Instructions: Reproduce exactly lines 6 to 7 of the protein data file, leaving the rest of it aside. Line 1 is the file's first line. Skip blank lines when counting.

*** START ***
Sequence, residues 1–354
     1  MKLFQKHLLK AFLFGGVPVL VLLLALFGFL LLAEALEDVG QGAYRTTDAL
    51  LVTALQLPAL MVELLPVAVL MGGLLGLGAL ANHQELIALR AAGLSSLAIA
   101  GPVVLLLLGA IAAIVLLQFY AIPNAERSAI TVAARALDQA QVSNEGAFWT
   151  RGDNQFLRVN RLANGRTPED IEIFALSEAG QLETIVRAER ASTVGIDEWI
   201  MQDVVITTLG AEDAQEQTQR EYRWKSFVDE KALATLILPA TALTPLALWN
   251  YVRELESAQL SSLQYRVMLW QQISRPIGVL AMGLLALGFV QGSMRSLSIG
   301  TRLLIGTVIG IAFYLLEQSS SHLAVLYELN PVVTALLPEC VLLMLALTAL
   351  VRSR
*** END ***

   201  MQDVVITTLG AEDAQEQTQR EYRWKSFVDE KALATLILPA TALTPLALWN
   251  YVRELESAQL SSLQYRVMLW QQISRPIGVL AMGLLALGFV QGSMRSLSIG